“True” flies belong to the order Diptera, which means two wings, which all true flies possess. The second pair of wings which most other insects have has been reduced to a pair of knob-like structures called halteres, which vibrate rapidly in flight and act like gyroscopic stabilizers. True flies include such creatures as gnats, midges, mosquitoes, crane flies, house flies, horse flies, robber flies, etc. There are, however, quite a few insects referred to as flies, though they do not belong to the Diptera. These include such animals as butterflies, dragonflies, fireflies, and one of the groups I am going to talk about today, the lanternflies.
Lanternflies are part of a group of insects in the suborder Homoptera generally called plant hoppers. These insects use piercing beaks which they stick into stems and twigs to feed on plant juices. The lanternflies often have beautifully colored and patterned wings, and the front of their heads is often expanded into a large bulb or snout. Because of their brilliant colors, it used to be thought that they glowed in the dark, hence their common name. They don’t glow, but they can be extraordinarily beautiful. Lanternflies are active at night, feeding. But why have bright colors if you only are active at night when you can’t be seen? During the daytime, lanternflies rest on the trunks of trees, with their colorful wings folded out of sight. Their bodies blend in well with the colors and patterns of the trunks, but when a predator gets too close, they will suddenly open their wings, and the flash of color acts to startle potential predators.
Now, back to the true flies, which for the most part contain some of the most commonly encountered and familiar insects, like house flies and mosquitoes. There are many thousand species of flies, many of them quite common and easily recognized for what they are, although several groups like the flower flies (Syrphidae) have a tendency to look like bees. There are, however, some flies that are very odd, and some that are quite rare. The featured fly this week is both extremely odd, and extremely rare.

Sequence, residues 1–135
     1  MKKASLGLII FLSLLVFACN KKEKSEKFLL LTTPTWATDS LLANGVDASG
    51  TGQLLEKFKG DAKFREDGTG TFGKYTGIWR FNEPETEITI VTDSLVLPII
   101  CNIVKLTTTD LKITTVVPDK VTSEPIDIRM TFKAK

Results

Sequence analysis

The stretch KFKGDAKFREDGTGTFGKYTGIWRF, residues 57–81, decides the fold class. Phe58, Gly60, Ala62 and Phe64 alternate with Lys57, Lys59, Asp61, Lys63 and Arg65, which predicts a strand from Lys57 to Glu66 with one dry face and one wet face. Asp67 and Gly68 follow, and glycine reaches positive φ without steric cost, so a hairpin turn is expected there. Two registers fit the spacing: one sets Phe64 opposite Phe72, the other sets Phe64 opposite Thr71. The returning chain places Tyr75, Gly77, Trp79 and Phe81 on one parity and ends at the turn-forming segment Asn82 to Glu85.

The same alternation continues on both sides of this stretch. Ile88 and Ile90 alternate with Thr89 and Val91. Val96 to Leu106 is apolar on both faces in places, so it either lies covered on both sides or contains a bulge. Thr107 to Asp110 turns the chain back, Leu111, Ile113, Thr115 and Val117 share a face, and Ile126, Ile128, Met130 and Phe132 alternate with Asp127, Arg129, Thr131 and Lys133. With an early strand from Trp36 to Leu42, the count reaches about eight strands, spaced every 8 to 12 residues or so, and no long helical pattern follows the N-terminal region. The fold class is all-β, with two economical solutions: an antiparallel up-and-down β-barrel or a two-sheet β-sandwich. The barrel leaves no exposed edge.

Back in the 1930’s, an explorer in Kenya discovered a strange, apparently flightless fly that was covered with dense hair. At first look, they thought it might be a spider. These creatures and their larvae where in a crack in one single boulder, inhabited by bats, who had deposited their guano. These flies have been found nowhere else in the world, and were not observed again till they where found again at the same location, more than 60 years later! The 2 wings have been reduced to hairy straps, the eyes very small, not at all resembling the normal idea of a fly. This oddity goes by the name Mormotomyia hirsuta.
That’s it for this week’s blog, I will be back in about another month with more things strange and beautiful from the project lab.
Vic Smith, Imaging Specialist.